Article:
White further accuses Henry of “A Preoccupation with Propositions. The Bible is further objectified in Henry’s account as Henry focuses on propositions as the locus of divine revelation and biblical truth. But while undoubtedly the Bible contains propositions—and Henry is to be thanked for affirming this strongly against modernist critics—Henry takes the additional step of locating truth in propositions instead of God’s overarching communicative act. But as I have argued above, while biblical truth contains propositions and can be expressed propositionally, it is properly an illocutionary act—which is comprised of propositions—that conveys truth and not bare propositions. Yet the latter is Henry’s emphasis.”
First of all, the question is whether meaning resides in the text or also in the mind of the reader. Once again, he confuses purpose and effect with content and nature; the latter are what Henry is talking about here. Secondly, and more importantly for my purposes today, White thinks that Henry objectifies the Bible as if it were an inert, passive repository of bare information.
This charge ignores vast swaths of GRA and could be refuted by not only paragraphs, but chapters! For example:
“Divine revelation is personal,” Henry asserts clearly, and alludes to Israel’s response as “worship in prayer, praise, and confession,” (2. 154) and he recalls Jesus’ promise that he “would both send the COMFORTER and himself come to indwell his followers personally as intimate spiritual experience.” 2.243 Or, “Revelation occurs on God’s R-Day as an act of transcendent disclosure. It pulses with the surprise of foreign invasion, and opens before us like the suddenly parted Red Sea waters. It stirs us like the angelic hosts who appeared unscheduled to proclaim Messiah’s birth, or overawes us like the rushing mighty wind of Pentecost” 2.20
Again, “The wonder and astonishment elicited by the revelation of God permeate both Old and new Testaments, and the recurring themes of God’s remarkable love and terrible judgment and his rule and direction of his people evoke the awe of the faithful.” 2.27
Responding to the charge that he holds a view of revelation that is “static” and not “dynamic,” Henry writes, “While the personal appropriation of revelational truth is life-transforming, revelational truth is not properly called dynamic, if by this one promotes the supposed efficacy of nonintellective confrontation or presumes to define the nature of divine disclosure as the Scriptures teach.” 475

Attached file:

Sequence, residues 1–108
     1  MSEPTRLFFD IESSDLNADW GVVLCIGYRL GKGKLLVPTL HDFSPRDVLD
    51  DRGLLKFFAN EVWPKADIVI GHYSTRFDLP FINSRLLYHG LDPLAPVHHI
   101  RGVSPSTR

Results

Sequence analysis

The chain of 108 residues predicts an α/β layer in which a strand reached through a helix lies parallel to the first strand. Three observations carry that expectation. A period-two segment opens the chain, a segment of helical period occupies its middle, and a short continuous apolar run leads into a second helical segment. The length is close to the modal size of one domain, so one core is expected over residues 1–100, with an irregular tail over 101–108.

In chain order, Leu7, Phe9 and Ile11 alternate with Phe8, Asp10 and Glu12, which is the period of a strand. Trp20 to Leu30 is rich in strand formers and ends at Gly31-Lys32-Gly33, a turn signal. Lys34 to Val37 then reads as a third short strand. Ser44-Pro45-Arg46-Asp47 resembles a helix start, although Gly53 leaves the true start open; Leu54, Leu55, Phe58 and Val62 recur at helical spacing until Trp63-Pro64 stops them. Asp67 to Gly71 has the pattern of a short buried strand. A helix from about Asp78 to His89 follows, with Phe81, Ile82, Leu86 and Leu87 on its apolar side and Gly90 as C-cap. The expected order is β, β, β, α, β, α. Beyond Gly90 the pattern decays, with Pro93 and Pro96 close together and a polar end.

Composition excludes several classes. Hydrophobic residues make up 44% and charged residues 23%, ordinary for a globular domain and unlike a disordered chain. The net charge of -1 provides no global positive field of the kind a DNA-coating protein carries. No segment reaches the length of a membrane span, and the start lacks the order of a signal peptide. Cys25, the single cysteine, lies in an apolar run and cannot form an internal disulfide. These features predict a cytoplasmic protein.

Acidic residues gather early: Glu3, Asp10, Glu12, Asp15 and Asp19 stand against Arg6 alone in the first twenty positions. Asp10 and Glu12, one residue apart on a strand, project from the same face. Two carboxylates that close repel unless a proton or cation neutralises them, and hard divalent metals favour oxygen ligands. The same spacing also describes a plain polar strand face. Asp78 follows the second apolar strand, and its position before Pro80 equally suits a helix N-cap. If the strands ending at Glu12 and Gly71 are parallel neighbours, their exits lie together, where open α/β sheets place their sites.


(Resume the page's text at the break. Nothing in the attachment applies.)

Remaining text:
So far, I have shown how Henry had anticipated criticisms and objections, and how strange it is that he is being accused of believing things that he must surely did not believe. It makes one wonder how well some of his critics have read God, Revelation and Authority.
Michael White has other criticisms of Henry, however. For example, he writes, “Henry’s account of propositions falters on another front: the problem of paraphrase.” That is, whether non-propositional expressions can be expressed properly in propositions. He goes on: “The question is not whether non-propositional communication can be propositionally expressed, but rather whether it can be expressed without cognitive loss. Literary critics are united against the translatability of, for example, poetic language because the power and beauty of such language is inherently untranslatable. But Henry’s desire for the objective revelation seemingly blinds him to this reality.”
To this criticism, I would suggest, first, that White is, once again confusing the meaning of the content of a passage with the effect which it has upon the reader. Does he believe that Henry is blind to the aesthetic power of the Scriptures? Maybe not, but here he seems to imply that for Henry style, as distinct from content, is not important. We know that Henry was fully aware that the Bible contains passages of poetry and even prose that are aesthetically powerful in their effect upon a humbler reader, and his own works are replete with long passages of great beauty and eloquence, but that is not what he is talking about when he says that the meaning of the passage can be expressed in propositions. As always, he distinguishes between what the author of a passage in the Bible meant, and how that passage affects the reader.